In 'The Darkroom,' A Writer Comes To Grips With Her Dad's Gender Transition
Courtesy of Susan Faludi
In the summer of 2004, after two decades of estrangement, Pulitzer Prize-winning writer Susan Faludi received an e-mail from her father. It read:
I've got some interesting news for you. I've decided that I have had enough of impersonating a macho aggressive man that I have never been inside.
The letter was signed, "Love from your parent, Stefánie." Faludi's 76-year-old father, Steven, had had gender reassignment surgery.
It was the last thing Faludi expected, given the man she remembered. "My father was the sort of quintessential domineering, hyper masculine patriarch who forbade my mother to work and was aggressive in all the classic ways, and even — toward the end of my parents' marriage — violent," she tells NPR's Renee Montagne. "So this 180 degree turn threw me for a loop for sure."
At the same time, the letter gave Faludi a mission: She had earned her reputation as a feminist by writing about gender roles, and her thoughts were largely in reaction to her emotionally unavailable bully of a father. Now this e-mail offered an invitation into his — now her — inner life. Faludi packed her bags and made her way to Budapest, Hungary, where her father was living.
In the Darkroom is Faludi's book about her father's journey. Stefánie Faludi died in 2015.
On seeing her father for the first time after the transition
When I first arrived in Hungary, my father arrived at the airport to greet me wearing a kind of a traditional matronly outfit with a big white pocketbook and pearl earrings. And in those first few weeks my father seemed quite insistent on projecting a 1950s Doris Day womanhood. He seemed to want to go back to a period where women were in the kitchen, and even was referring to herself as "the dumb broad" and had this notion that to be a woman was to be taken care of, to have men "kiss your hand," which is a very traditional Hungarian phrase. And so here am I, this devoted lifelong feminist who rebelled against these very characteristics of femininity, listening to my father extol them.
On coming to understand her father's early attitude toward womanhood
A trans friend of mine was very helpful on this point when I was puzzling over it and she said, "Think about it as a kind of delayed adolescence." And I had to think back, embarrassingly, to my 13-year-old self who was obsessed with Maybelline and how to put on mascara. And I think with my father, also, this extreme femininity was a way of breaking out of a previous life of extreme masculinity. She had to counter one with the other.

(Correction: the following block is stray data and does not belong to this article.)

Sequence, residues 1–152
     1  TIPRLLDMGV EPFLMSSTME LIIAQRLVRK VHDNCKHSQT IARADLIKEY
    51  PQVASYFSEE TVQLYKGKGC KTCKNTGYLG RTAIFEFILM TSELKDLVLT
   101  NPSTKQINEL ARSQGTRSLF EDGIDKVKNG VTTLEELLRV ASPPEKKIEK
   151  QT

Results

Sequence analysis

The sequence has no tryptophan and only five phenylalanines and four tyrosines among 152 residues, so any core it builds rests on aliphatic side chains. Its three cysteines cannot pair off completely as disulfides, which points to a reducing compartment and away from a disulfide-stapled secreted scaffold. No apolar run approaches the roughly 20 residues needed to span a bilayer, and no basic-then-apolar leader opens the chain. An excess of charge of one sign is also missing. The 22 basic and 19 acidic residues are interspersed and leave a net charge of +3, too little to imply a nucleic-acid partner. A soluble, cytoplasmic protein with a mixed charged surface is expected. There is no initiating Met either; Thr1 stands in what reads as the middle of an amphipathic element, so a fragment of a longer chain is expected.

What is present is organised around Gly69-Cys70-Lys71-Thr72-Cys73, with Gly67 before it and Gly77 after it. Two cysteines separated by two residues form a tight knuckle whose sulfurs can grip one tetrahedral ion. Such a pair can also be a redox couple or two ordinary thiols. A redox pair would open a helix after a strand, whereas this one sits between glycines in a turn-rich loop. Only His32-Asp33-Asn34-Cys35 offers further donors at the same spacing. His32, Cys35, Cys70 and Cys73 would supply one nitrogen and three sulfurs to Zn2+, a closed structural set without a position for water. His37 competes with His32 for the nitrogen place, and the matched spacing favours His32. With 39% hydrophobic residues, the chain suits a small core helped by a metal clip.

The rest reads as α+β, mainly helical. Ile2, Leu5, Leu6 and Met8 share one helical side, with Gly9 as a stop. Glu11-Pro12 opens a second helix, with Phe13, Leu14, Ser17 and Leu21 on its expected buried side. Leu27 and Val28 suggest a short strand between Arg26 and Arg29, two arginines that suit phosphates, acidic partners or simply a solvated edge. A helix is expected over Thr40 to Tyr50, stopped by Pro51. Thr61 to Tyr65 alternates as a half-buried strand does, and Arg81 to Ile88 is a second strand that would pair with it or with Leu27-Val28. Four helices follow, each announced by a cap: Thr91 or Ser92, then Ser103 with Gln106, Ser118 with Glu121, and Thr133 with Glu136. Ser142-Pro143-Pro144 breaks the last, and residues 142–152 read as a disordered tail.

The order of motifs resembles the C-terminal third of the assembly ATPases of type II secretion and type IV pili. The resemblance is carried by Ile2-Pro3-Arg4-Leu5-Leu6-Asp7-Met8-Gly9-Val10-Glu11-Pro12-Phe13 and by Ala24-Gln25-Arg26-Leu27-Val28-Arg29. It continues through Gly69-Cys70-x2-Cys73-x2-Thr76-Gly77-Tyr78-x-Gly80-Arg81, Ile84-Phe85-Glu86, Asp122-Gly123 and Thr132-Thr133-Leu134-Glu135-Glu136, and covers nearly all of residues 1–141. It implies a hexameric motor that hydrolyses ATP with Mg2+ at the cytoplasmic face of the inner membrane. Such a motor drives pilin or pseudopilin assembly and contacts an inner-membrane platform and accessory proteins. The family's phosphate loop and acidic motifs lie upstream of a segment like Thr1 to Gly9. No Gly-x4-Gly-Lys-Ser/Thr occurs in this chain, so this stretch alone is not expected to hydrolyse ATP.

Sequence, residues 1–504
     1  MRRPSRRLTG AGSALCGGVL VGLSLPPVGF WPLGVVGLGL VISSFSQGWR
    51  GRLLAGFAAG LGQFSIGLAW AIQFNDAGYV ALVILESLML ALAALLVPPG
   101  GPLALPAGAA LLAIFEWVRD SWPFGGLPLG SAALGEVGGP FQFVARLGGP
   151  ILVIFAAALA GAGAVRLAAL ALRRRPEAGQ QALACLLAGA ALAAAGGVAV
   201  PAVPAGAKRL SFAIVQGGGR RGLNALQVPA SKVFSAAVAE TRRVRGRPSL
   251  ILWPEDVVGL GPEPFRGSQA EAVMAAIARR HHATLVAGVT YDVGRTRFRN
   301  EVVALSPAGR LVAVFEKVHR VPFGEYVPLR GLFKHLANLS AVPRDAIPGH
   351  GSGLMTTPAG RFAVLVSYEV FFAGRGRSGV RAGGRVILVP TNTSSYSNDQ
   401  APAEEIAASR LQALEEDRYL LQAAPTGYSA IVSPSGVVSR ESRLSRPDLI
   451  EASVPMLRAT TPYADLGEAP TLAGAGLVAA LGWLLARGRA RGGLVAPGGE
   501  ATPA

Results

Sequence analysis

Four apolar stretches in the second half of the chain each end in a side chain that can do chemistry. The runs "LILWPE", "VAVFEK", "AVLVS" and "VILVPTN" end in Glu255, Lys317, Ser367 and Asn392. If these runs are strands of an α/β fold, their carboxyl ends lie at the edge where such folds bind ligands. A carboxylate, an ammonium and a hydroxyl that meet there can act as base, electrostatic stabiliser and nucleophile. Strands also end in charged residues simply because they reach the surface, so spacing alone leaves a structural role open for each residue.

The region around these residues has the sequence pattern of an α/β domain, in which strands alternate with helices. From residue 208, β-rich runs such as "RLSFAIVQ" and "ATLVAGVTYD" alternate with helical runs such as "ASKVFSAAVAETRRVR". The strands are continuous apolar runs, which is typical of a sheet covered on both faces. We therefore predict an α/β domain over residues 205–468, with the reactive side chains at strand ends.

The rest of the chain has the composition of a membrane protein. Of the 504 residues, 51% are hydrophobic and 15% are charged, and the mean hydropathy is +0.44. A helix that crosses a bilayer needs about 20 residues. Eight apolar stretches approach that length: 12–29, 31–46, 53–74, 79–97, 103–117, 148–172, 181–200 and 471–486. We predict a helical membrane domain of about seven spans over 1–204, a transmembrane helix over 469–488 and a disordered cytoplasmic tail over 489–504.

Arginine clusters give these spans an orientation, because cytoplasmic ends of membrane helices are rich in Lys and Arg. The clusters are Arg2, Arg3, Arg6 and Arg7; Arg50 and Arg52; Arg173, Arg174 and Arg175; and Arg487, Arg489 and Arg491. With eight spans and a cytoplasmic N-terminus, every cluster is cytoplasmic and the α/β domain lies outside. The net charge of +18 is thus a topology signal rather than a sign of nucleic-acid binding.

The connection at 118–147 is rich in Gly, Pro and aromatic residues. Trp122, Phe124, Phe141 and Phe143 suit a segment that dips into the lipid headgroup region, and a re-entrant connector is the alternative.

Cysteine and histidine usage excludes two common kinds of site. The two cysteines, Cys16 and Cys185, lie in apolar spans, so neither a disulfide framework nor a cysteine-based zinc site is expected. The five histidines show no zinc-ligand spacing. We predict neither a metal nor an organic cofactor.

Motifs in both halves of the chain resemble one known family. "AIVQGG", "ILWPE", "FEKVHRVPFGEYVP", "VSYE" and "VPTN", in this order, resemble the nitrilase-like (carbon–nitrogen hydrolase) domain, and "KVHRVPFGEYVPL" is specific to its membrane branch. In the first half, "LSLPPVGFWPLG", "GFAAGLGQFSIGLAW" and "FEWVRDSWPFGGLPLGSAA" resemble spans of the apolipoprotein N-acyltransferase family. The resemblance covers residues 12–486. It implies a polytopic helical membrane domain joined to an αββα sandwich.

On what she wanted to know about her father, who had grown up during World War II
My father, when I was growing up, said very, very little about her experience as a child. She was a wealthy Jewish teenage boy living in Budapest until the war, in which many of our family members perished. And my father [tried] to pass as Christian with false identity papers and a stolen fascist armband, and even used that armband at one point to rescue my grandparents. So growing up I had a few little glimpses, but my father would shut down the conversation immediately, sort of typical of many Holocaust survivors.
So when I went back to Hungary, I very much wanted to know that early story and how it fit in with my father's multiple identity transformations. And in a sense that gets at the core of the story I'm trying to tell about identity and what is this thing — identity — that we are all so obsessed about? And a lot of the questions I have about identity boil down to whether identity is something you choose or the very thing you can't escape. And my father's own understanding of that exploration was essential to her figuring out something about herself and to attaining a certain peace with herself.
On whether becoming a woman gave her father peace
Life doesn't give you any simple, quick fixes. ... In many ways, of course, she was still the same person inside — still had to grapple with the same problems. But I do know that my father never regretted the surgery and it did seem to give her some relief. In particular, she felt that as a man ... she would say over and over again, "I wasn't able to communicate," and that as a woman she felt it gave her permission to reach out to people, to ask for things, to be more open. And that was an enormous relief for her, to break out of that isolation. And so I do think, ultimately, she gained a measure of peace from her change. Whether it would have been her final change, if she had lived longer, I don't know.